While I was in Lucedale recently for a features story, I decided to seek out some good food the locals likely enjoy.
An online search gave me a list of several options. The name Hokie's BBQ & Grill glowed and pulsed at me like a neon sign from on high.
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I grew up in a small town and recognize the preliminary hallmarks of a good barbecue place. Often, the owner's name or nickname in the restaurant's name is an early good sign.
If you put your name on something, you take responsibility for it. Your reputation becomes associated with it.
Hokie's is easy to find. From Mississippi 63 north, take Mississippi 26 toward downtown Lucedale, going east, and Hokie's will be on the right. Look for the huge sawmill blade sign in front of a log cabin-style building.
You'll see construction going on in the back; it turns out Hokie's is so popular, they're adding on to the kitchen and the dining area.
I arrived at 11:30 a.m. (they open at 10:30 a.m.) and was glad I got there before high noon, because the parking lot already was looking busy.
Inside, Hokie's is full-on comfy rustic, with log cabin walls paired with corrugated tin, some stuffed game and old newspaper pages. The page by my table was comics from a May 1941 newspaper.
Some crafty person had made a dustpan from an old George County license plate, and it hung on the wall. Country music videos from the Great American Country station were on the TVs. A few tables had three generations seated together for early weekday lunch.
I went with half a smoked chicken ($4.99) and a house salad ($2.99). I could have gotten the chicken as a plate with two sides (meaty baked beans, slaw, potato salad, green beans or fries) plus Texas toast for $8.99, but I had a plan.
I had seen this thing called Upside Down Sweet Potato Pie ($2.99) on the menu, at the top of the desserts list. Well, clearly this is one of their specialties, so I certainly couldn't ignore it. The pie was going to be my "bad."
Hokies offers more than just chicken. The menu includes ribs, pulled beef brisket, pulled pork and sausage. There are plate specials, stuffed potatoes (with meat), sandwiches and a kids' menu.
The meat comes to your table unsauced; sauce is in squirt bottles on each table, so you can personalize its intensity. The Hokie's sauce, made in house, is a just-right balance of just enough black pepper kick and smoky subtle sweetness, matching its dark, earthy color. Not too soupy, not too thick, it makes a nice puddle for meat dipping, my preferred way to enjoy barbecue sauce.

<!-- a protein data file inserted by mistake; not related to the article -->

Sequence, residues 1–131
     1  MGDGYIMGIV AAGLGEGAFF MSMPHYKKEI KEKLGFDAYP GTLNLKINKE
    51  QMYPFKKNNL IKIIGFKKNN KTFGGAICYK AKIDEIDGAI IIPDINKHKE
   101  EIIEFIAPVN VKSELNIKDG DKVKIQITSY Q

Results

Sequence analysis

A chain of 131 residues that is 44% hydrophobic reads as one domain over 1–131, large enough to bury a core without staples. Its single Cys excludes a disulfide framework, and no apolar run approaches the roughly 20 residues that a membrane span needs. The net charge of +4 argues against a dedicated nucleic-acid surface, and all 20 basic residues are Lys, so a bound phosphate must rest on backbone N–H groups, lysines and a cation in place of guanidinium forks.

The smoked chicken was very tender, much more tender than I expected it to be. It came nicely off the bone and its smoky flavor enhanced but didn't overwhelm the meat itself.
So about that Upside Down Sweet Potato Pie. It doesn't have a traditional crust. Instead, the bottom layer features toasted pecans, struesel-style, topped with the familiar baked sweet potato pie filling.
The top layer has the consistency of a lemon icebox pie (and at first I even detected a lemony thing going on). I later learned no lemon plays a part, but this layer is cream cheese-based. If you're a sweet potato pie lover, this takes your relationship to another level. If sweet potato pie isn't your thing, try it anyway, and you'll likely be a convert.
Jim Hokinson is the owner of Hokie's (see? nickname), which has been in operation since 2004. It was hard for him to put a bead on what is the most popular dish.
"We have such a good mix," he said. "Pork, wings, ribs, chicken -- it's a good mixture."
The pie was so good, I returned a little after 3 p.m. to get a takeout piece for my editor back at the office. There were at least 10 vehicles in the parking lot -- at 3 p.m. on a Friday. That's another sign of a good barbecue place.